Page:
Litvinenko — a former officer of the Russian security services — died in 2006 after allegedly being poisoned by polonium-210 in London. The inquest into his death was opened on November 30, 2006, but collapsed after eight years following a series of Public Immunity Interest requests by the UK Government, preventing key evidence being given by police and the intelligence services.
Dmitry Kovtun, one of two Litvinenko murder suspects, has confirmed will give evidence to London inquiry via video link on July 27, 28 or 29— Tom Parfitt (@parfitt_tom) June 16, 2015
Sir Robert Owen, originally acted as Her Majesty's Assistant Coroner for Inner North London, and now sits as chairman of the public inquiry which will take evidence both in public and in private, allowing some of the evidence previously ruled out to be heard.
Litvinenko in 1998 accused the Russian authorities of conspiring to assassinate the tycoon Boris Berezovsky (found hanged in his bathroom in March 2013).
He also alleged widespread corruption within Russia's Federal Security Service (FSB). He fled to the UK where he worked as a security adviser and — according to his wife Marina — for MI6 at the time of his death. She contends that the agency could have saved his life.
The circumstances of Litvinenko's death are contested, but Russia has always said it would hand over two Russians accused of complicity in his death if a fair and transparent trial were to take place.
On November 1, 2006 at 3.30pm, he met Mario Scaramella, a security consultant and academic nuclear expert, in the Itsu sushi bar in Piccadilly, London. An hour later, he met two Russian men, both ex-FSB officers — Dmitry Kovtun and Andrei Lugovoy (now a Russian lawmaker) — in the Millennium Hotel, in Grosvenor Square, London.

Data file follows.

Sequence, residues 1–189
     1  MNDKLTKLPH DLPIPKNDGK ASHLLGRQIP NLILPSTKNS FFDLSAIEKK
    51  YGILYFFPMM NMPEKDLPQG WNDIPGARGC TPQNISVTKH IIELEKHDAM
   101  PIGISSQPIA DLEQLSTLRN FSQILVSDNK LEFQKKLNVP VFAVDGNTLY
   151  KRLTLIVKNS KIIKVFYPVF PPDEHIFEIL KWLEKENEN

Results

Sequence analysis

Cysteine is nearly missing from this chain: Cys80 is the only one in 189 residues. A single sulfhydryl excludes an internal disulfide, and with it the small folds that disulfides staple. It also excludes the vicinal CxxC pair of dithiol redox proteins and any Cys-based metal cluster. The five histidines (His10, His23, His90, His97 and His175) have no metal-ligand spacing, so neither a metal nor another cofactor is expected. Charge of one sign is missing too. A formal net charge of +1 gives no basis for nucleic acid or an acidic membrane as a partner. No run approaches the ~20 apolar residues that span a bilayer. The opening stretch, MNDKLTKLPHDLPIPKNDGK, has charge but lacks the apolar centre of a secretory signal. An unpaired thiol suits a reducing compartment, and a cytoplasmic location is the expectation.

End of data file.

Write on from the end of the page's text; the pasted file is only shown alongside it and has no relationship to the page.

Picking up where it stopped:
Litvinenko complained of illness that evening and was admitted to hospital. He suffered a slow and agonising death from radioactive polonium-210 poisoning and died in University College Hospital on November 23, 2006.
The British authorities claim Kovtun and Lugovoy poisoned Litvinenko with pololium-210. Evidence of the radioactive substance was found on the aircraft both Russians traveled on, as well as in all the places all three men met.
Now, Sir Robert Owen has designated Kovtun as a Core Participant to the Inquiry, which means he is willing to: 1) attend a video-link evidence session in Moscow on dates specified by the Chairman; 2) cooperate with the inquiry regarding arrangements for that evidence; and 3) that he does intend to assert the privilege against self-incrimination.
On 22 March 2015, Kovtun told the BBC that he would testify, by video-link, to the enquiry into Litvinenko's death. He said he had "heard a lot of statements which are easy to refute" and by participating he could "get access to the documents — including the secret material — so I can make my own conclusions."